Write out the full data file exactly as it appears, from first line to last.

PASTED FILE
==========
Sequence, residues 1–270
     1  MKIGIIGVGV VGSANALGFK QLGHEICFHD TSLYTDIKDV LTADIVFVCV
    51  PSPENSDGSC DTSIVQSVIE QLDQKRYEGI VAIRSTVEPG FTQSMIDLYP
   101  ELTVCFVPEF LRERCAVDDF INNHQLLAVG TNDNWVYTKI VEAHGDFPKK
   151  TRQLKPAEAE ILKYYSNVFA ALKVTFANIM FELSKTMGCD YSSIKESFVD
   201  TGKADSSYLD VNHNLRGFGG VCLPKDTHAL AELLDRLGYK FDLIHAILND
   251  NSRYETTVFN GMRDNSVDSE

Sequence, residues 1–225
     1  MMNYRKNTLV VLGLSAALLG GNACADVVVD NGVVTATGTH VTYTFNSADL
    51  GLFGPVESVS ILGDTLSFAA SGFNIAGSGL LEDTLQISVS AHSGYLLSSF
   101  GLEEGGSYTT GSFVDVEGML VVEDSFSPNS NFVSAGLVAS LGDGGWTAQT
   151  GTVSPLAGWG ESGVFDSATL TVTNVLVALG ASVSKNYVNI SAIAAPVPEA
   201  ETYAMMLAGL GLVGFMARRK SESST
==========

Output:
Sequence, residues 1–270
     1  MKIGIIGVGV VGSANALGFK QLGHEICFHD TSLYTDIKDV LTADIVFVCV
    51  PSPENSDGSC DTSIVQSVIE QLDQKRYEGI VAIRSTVEPG FTQSMIDLYP
   101  ELTVCFVPEF LRERCAVDDF INNHQLLAVG TNDNWVYTKI VEAHGDFPKK
   151  TRQLKPAEAE ILKYYSNVFA ALKVTFANIM FELSKTMGCD YSSIKESFVD
   201  TGKADSSYLD VNHNLRGFGG VCLPKDTHAL AELLDRLGYK FDLIHAILND
   251  NSRYETTVFN GMRDNSVDSE

Sequence, residues 1–225
     1  MMNYRKNTLV VLGLSAALLG GNACADVVVD NGVVTATGTH VTYTFNSADL
    51  GLFGPVESVS ILGDTLSFAA SGFNIAGSGL LEDTLQISVS AHSGYLLSSF
   101  GLEEGGSYTT GSFVDVEGML VVEDSFSPNS NFVSAGLVAS LGDGGWTAQT
   151  GTVSPLAGWG ESGVFDSATL TVTNVLVALG ASVSKNYVNI SAIAAPVPEA
   201  ETYAMMLAGL GLVGFMARRK SESST